This month, Yale launched a Pay-As-You-Throw (PAYT) pilot program in select locations across campus to advance the University’s goals around responsible waste management.
Traditionally, PAYT is a system where homeowners are charged based on the amount of waste that they produce, just as utilities are charged based on usage. These programs typically reduce waste and increase diversion (reuse and recycling) by creating a monetary incentive to generate less trash. Yale is the first American university to pilot PAYT, which is being used increasingly by municipalities across the country and abroad. The university setting is an ideal space for innovative research opportunities and Yale’s leadership in this area represents a commitment to becoming a more responsible, sustainable institution with consideration for its surrounding community and environment.
The process for developing PAYT at Yale brought together faculty, staff, and students to help solve an operational challenge; a task force was convened in fall of 2017. In addition to assessing the opportunities and potential obstacles of implementing PAYT at Yale, the task force identified necessary research projects to properly inform the pilot program: a review of the PAYT system that exists in another higher education institution, the Australian National University, and a comprehensive assessment of Yale’s current waste disposal data. The results from these projects, in combination with expert consultation, helped to inform how PAYT would be defined and piloted at Yale.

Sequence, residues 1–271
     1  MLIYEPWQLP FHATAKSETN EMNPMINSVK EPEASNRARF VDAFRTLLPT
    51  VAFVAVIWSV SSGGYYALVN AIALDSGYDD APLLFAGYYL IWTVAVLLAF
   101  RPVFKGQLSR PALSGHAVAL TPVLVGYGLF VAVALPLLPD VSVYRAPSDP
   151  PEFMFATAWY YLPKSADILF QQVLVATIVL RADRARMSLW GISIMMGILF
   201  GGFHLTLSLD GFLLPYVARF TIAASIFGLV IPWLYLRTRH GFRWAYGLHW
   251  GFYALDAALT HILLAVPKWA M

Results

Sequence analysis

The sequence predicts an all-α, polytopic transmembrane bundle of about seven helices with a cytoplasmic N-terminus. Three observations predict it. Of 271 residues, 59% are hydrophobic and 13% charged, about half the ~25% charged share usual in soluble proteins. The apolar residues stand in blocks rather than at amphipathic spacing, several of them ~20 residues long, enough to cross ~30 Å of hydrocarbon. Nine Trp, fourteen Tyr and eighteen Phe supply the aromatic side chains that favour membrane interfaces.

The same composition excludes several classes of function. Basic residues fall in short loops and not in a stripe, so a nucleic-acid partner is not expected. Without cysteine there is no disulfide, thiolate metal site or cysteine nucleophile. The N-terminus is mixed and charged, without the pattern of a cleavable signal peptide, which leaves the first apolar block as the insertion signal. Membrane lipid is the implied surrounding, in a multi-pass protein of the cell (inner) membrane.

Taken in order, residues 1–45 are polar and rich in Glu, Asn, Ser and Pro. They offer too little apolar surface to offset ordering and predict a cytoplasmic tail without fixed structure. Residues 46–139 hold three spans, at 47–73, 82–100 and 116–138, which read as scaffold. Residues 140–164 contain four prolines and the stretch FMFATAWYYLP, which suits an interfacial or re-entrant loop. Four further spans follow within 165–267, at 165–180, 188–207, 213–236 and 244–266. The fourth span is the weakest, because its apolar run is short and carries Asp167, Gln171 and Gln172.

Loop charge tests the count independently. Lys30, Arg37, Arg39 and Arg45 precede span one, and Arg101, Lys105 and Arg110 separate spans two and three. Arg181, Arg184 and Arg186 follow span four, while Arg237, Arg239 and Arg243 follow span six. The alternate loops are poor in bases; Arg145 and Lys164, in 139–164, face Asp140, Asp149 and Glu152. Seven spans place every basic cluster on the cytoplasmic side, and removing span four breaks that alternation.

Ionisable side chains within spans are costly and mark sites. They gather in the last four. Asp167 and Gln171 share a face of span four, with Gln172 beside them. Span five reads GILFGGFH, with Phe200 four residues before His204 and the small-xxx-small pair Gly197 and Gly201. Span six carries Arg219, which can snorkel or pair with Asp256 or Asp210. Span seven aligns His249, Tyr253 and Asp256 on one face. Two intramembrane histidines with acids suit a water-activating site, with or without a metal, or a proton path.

Select campus buildings were randomly assigned to one of three treatment groups or one of two control groups.
The three treatments include:
- Traditional charge (3 buildings) – buildings receive monthly “test bills”
- Traditional charge plus information (3 buildings) – buildings receive additional information about proper trash and recycling practices in addition to the “test bills”
- Reputation (4 residential colleges) – colleges receive monthly waste data, and engage in competition to encourage positive behavior change
Buildings were identified and selected based on availability of data and whether they share a waste collection space with other units. Although actual billing will not be affected during the pilot, the traditional charge and traditional charge plus information treatment groups will receive monthly “test bills” which show how much the building would be charged for the quantity of trash produced. This will differ from the current protocol, whereby buildings are charged based on square footage, regardless of the amount of waste produced.
The pilot program, which will continue through April, aims to increase awareness about best practices for waste management and streamline communications. It will assess the amount of trash and single-stream recycling from each building. Large bulky waste, like furniture, electronic waste, food waste, and construction waste will not be assessed. The program supports the materials goals of the Yale Sustainability Plan 2025, and hopes to lead Yale closer to its newest diversion goal, “to achieve a diversion rate of 60% by 2024 to align with the State of Connecticut and maintain or reduce overall amount of waste produced annually since 2017.”
Full results from the pilot and suggestions for the future will be released next fall. In the meantime, answers to common questions can be found on the Yale Office of Sustainability’s website.
Yale is committed to building a more sustainable world. By doing what we do best—integrating science, the humanities, and our community—Yale creates, tests and adopts innovative solutions to the environmental and social challenges we all face.